Online banking shift leaving many seniors behind

Tahakopa retiree Don Sinclair says many senior citizens still prefer cash or cheques over online...
Tahakopa retiree Don Sinclair says many senior citizens still prefer cash or cheques over online banking, despite a continuing push to move customers online. Photo: Richard Davison.
Clutha pensioners say they are being "backed into a corner" regarding a continued push by banks to move services online.

Long-standing Catlins Senior Citizens treasurer Don Sinclair, of Tahakopa, said he and wife Eleanor would be attending the Stepping UP online banking training module on the DORA digital bus which is in the district until next Friday.

However, they said some club members and other older friends would not be taking part, and were likely to face increasing difficulties carrying out basic banking as a result.

Mr Sinclair said banks’ gradual move away from the use of cash and cheques, to card and online transactions, was leaving behind much of the older generation — and many others either unable or unwilling to go online.

"A lot of people I talk to think the problems will go away and banking will return to normal. But that’s just not going to happen if you look anywhere in the world, and pay attention to what the banks have gradually been doing during recent years.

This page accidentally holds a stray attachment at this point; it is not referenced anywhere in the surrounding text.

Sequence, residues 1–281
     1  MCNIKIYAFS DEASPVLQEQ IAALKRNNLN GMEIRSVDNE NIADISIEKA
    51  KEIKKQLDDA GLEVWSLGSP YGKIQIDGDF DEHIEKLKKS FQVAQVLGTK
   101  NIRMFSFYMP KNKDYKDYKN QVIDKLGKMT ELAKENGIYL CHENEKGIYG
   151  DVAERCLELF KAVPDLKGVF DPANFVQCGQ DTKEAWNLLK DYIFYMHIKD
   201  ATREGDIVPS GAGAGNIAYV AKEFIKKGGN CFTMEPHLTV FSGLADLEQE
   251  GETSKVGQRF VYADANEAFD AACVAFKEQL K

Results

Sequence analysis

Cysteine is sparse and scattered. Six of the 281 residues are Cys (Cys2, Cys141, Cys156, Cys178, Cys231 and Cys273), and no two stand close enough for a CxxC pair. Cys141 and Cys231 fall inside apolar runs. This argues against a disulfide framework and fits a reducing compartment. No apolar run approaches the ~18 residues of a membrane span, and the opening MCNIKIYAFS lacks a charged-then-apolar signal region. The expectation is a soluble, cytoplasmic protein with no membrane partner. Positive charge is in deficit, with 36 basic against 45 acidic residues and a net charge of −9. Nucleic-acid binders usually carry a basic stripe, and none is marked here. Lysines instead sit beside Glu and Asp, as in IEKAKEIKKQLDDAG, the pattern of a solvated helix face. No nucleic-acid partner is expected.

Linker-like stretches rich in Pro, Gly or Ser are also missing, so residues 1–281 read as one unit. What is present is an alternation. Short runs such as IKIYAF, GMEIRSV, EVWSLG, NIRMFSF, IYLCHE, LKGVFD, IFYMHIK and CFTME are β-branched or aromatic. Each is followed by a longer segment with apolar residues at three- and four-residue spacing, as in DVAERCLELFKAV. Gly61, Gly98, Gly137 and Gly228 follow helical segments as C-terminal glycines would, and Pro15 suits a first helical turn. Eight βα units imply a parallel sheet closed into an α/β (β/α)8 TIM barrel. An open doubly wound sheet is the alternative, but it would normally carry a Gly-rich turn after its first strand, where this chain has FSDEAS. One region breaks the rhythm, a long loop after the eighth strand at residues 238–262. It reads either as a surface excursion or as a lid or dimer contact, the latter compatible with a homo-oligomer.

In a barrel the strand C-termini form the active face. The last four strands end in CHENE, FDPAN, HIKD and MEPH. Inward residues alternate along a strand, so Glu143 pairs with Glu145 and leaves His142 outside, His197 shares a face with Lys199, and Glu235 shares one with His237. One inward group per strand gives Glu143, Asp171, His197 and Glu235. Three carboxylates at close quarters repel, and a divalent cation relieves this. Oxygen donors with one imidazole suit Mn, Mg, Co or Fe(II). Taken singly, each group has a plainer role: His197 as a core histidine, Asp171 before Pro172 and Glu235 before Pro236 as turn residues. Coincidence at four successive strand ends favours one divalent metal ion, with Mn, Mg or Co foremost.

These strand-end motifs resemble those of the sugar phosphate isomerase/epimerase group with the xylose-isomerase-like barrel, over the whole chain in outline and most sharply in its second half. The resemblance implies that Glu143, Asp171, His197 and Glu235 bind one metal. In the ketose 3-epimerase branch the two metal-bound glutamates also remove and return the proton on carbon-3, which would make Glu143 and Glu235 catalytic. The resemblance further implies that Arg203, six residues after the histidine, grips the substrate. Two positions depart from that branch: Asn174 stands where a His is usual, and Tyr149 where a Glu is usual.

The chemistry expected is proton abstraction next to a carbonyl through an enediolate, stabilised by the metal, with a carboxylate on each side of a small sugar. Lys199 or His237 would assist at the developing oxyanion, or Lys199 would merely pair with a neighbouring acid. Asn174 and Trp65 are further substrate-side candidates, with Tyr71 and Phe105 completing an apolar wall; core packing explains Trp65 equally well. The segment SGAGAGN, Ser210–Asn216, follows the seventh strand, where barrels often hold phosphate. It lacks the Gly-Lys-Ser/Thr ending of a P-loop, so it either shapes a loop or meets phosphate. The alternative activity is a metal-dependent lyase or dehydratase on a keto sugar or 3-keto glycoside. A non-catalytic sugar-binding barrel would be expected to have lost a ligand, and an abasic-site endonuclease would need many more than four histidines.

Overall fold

"Both as a club and as individuals, there are many reasons we need to use and deposit cash, and make payments using cheques, but the banks just seem to be ignoring the distress calls that are going up from thousands of their customers."

Rural branch closures were only exacerbating the problem, he said, as many older people living remotely lacked the means to access their bank without long-distance travel.

"We hear they’re trying to make it faceless and cashless. But I just call it useless."

Mr Sinclair said he had heard of some who were getting their accountants to pay all bills for them, and others forced to ask relatives to help with banking.

"On the one hand, we’re told to keep our passwords secure, and on the other we’re being forced to rely on others. It just hasn’t been thought through properly, in a practical sense."

He said he feared many clubs would fold as a result of the enforced banking changes.

"I’ve now, reluctantly, stepped down as treasurer for the Senior Citizens, and I can see others doing the same as it’s just becoming too difficult to do the simple stuff."

DORA (Digital On-Road Access) is a travelling digital classroom, allowing tuition of up to eight adults a session.

The bus begins touring Clutha today, in Tapanui, and is holding sessions in the district’s main towns until May 7.

Sessions are free and open to all, and are supported by Digital Inclusion Alliance Aotearoa (DIAA) and Kiwibank.

Clutha District libraries manager Debbie Duncan acknowledged the reluctance of some to move online.

"However, with reduced services and bank closures, there is a need to respond and provide an opportunity for everyone to be better informed about online banking, and understand how to detect and avoid scammers.”

DIAA operations director Laurence Zwimpfer said almost 2000 had used the programme to date.

"The Covid-19 lockdown created real challenges for people without online access, and that’s why we are so passionate about digital literacy programmes like Stepping UP, which help people build their confidence and skills over time.”

Full programme details can be found at steppingup.nz/dora-clutha.

richard.davison@odt.co.nz

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